Virtual Reality

Quick look: Razer's virtual reality (dev kit) headset

Quick look: Razer's virtual r...
Gizmag takes the dev kit for Razer's open-source VR platform for a quick spin (Photo: Will Shanklin/Gizmag.com)
Gizmag takes the dev kit for Razer's open-source VR platform for a quick spin (Photo: Will Shanklin/Gizmag.com)
View 3 Images
Gizmag takes the dev kit for Razer's open-source VR platform for a quick spin (Photo: Will Shanklin/Gizmag.com)
1/3
Gizmag takes the dev kit for Razer's open-source VR platform for a quick spin (Photo: Will Shanklin/Gizmag.com)
The VR headset that Razer is demoing for CES (Photo: Will Shanklin/Gizmag.com)
2/3
The VR headset that Razer is demoing for CES (Photo: Will Shanklin/Gizmag.com)
The dev kit will cost US$200, and ship this June (Photo: Will Shanklin/Gizmag.com)
3/3
The dev kit will cost US$200, and ship this June (Photo: Will Shanklin/Gizmag.com)
View gallery - 3 images

Now that Palmer Luckey and Oculus VR have made virtual reality a thing, everyone wants a piece of the action. Gizmag went hands-on with one of those attempts, the initial developer kit for Razer's open source virtual reality platform.

After using the excellent Oculus Rift (prototypes) and Oculus-powered Samsung Gear VR, our quick demo with the Razer headset was a big pile of "meh." Is it virtual reality? Yep. Is it in any way better than the innovators that it's following? Nope.

Our demo involved a stationary shooting game, blasting away baddies in a forest, using hand control (courtesy of a Leap Motion sensor strapped to its front). Generally speaking, there wasn't anything unusually immersive about the experience or anything new about the technology that's driving it.

The VR headset that Razer is demoing for CES (Photo: Will Shanklin/Gizmag.com)
The VR headset that Razer is demoing for CES (Photo: Will Shanklin/Gizmag.com)

The one thing that does make Razer's take on VR unique is its open-source nature. Dubbed OSVR (Open Source Virtual Reality), the platform isn't its own standalone operating system, but instead a standardized interface that developers can use to build apps on top of "any operating system" (including Windows, Android and Linux). It even plays nicely with the Oculus Rift DK2. The underlying theory is that open source inherently accelerates innovation and lowers financial bars of entry, and that OSVR will do that more than other platforms.

Min-Liang Tan, Razer co-founder and CEO, said in a press release that "OSVR brings game developers, gamers and hardware manufacturers together to solve those challenges and make virtual reality gaming a reality for the masses."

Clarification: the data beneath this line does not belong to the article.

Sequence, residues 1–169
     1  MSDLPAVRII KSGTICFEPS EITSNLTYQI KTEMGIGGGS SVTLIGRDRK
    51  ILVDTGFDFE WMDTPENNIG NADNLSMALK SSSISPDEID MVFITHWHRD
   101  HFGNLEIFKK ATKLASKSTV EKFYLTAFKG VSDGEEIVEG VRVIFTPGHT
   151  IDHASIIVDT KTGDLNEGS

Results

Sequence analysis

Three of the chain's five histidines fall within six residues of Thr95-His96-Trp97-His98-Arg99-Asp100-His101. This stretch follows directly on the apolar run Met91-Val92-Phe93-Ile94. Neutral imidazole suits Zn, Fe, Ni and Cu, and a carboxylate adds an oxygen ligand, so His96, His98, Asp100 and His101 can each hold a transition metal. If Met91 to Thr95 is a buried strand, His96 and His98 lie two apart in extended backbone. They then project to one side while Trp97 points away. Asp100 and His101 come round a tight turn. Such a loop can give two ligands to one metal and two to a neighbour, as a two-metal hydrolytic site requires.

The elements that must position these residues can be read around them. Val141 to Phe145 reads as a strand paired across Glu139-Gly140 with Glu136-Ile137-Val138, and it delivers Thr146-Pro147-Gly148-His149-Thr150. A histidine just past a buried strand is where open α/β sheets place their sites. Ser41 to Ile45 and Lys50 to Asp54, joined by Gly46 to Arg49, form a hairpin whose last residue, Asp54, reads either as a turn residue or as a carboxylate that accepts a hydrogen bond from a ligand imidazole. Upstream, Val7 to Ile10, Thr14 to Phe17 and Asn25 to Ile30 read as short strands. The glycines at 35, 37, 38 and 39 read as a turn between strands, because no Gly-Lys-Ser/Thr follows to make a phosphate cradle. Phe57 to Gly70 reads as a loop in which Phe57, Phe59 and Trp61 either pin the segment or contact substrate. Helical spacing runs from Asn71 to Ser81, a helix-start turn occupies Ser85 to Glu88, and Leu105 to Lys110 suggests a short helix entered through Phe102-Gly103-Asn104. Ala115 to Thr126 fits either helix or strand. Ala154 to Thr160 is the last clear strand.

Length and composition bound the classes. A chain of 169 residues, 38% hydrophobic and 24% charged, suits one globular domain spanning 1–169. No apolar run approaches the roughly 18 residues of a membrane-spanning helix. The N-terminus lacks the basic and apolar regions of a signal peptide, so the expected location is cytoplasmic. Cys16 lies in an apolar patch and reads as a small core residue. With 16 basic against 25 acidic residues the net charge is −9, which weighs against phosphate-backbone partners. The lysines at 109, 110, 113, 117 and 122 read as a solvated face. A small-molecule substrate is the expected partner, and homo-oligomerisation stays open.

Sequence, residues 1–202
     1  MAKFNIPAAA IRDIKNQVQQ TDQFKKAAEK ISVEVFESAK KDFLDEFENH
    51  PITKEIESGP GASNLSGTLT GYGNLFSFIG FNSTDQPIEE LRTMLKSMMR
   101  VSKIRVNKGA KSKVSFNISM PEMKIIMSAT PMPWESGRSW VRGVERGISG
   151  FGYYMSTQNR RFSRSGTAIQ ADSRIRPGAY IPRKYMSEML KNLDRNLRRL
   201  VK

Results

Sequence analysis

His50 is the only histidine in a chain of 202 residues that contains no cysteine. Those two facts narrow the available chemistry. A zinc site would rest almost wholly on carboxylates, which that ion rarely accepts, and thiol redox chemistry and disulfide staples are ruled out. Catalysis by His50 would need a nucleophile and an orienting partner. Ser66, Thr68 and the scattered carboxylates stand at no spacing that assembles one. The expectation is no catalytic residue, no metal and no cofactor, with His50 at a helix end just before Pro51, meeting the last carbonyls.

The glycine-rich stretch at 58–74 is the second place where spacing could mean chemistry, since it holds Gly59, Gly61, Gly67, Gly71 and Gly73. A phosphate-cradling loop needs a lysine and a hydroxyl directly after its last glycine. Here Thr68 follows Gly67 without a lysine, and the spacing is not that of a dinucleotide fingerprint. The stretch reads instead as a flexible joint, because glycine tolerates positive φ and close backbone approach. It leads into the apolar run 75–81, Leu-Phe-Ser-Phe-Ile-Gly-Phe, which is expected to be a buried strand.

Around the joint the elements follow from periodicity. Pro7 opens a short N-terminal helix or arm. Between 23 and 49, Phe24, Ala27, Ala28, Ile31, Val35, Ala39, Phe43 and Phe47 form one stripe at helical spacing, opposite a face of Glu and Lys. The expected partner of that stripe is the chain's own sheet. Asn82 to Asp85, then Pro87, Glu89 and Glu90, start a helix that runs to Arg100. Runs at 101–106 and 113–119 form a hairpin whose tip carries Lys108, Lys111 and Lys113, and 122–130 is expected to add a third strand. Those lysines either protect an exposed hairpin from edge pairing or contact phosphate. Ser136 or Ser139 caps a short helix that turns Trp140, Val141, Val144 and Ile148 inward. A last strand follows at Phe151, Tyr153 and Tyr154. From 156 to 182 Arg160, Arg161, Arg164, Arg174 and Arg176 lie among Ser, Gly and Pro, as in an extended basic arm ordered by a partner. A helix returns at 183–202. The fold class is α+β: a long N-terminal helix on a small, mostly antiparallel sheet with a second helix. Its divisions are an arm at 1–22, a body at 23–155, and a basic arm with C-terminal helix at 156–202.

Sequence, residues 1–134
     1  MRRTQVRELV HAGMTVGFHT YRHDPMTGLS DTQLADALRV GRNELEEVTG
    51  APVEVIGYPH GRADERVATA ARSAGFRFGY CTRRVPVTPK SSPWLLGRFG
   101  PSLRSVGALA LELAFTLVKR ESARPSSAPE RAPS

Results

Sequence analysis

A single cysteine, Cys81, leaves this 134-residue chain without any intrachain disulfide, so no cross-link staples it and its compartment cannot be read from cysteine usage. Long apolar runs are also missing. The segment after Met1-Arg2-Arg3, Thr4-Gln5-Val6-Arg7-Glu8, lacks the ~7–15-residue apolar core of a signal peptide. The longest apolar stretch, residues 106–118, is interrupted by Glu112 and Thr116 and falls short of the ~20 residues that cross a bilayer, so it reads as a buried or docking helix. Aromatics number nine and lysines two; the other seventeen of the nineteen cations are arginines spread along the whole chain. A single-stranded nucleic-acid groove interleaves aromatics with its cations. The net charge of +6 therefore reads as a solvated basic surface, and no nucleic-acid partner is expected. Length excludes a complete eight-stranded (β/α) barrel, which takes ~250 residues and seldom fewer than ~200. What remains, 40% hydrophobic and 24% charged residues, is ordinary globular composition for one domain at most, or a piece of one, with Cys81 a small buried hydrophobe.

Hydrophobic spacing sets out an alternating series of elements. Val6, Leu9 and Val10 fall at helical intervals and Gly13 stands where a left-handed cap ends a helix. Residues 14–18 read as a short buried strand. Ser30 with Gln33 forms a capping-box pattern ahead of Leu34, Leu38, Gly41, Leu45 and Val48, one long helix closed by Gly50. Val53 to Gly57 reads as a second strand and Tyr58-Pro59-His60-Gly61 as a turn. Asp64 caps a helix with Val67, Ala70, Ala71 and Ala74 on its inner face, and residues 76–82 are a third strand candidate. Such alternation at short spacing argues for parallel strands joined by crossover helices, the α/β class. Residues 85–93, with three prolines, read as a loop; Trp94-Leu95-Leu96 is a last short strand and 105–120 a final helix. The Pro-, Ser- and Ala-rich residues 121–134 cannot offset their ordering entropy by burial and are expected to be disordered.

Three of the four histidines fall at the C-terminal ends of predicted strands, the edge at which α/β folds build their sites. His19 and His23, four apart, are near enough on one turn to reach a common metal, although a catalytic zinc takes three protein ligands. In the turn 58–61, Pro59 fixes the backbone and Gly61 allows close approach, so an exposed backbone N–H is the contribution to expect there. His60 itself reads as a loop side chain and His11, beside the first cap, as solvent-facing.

Noble enough aspirations, we suppose. But we aren't sure if an open-source standard is really necessary – or a recipe for success – in the burgeoning world of VR. In mobile, the open-sourced and affordable Android rose as an antidote to the closed and restrictive iOS (and the expensive devices that ran it). But the Oculus platform, at least right now, isn't remotely restrictive and the consumer Oculus Rift is likely to fall in the US$200-400 range. How an open-source alternative is needed here is anyone's guess. Perhaps we're looking at a solution desperately seeking a problem (and a seat at a potentially lucrative table).

But if you live and die by open source, then perhaps this will get you geared up to build the next great virtual reality app. Don't let our lack of enthusiasm stop you.

Razer's "OSVR Hacker Dev Kit" starts shipping in June for US$200.

Project page: Razer

View gallery - 3 images
2 comments
2 comments
DonGateley
But the first real commercial device, the Gear VR, is highly restricted. They curate all content and it remains very limited. There is no way for a developer to go from concept to user directly. I think OSVR will provide a serious alternate reality to the Samsung/Oculus controlled revenue channel because of that openness.
As for tech, I'm not surprised or chagrined that it is currently sorta meh. The openness will get all kinds of folks looking toward bettering it and they can do so on a piecemeal basis rather than full system upgrades.
ChairmanLMAO
Well you know FACEBOOK owning Occulus is a problem. A problem looking for solutions. I'm not buying a Rift unless Occulus distances itself as a company from Facebook. Now, you should know that many people consider the Facebook tracking on THIS website and many others to be more than a little annoying also a complete and illegal invasion of privacy. It is safe to assume that Mr Zuckerburg will be watching what you are. If there were some guarantee that Facebook won't be spying on our VR adventures maybe I might consider a Rift. Until then I will SOLVE the PROBLEM of Facebook SPYING by buying another product like the Razer OSVR.
GO RAZER!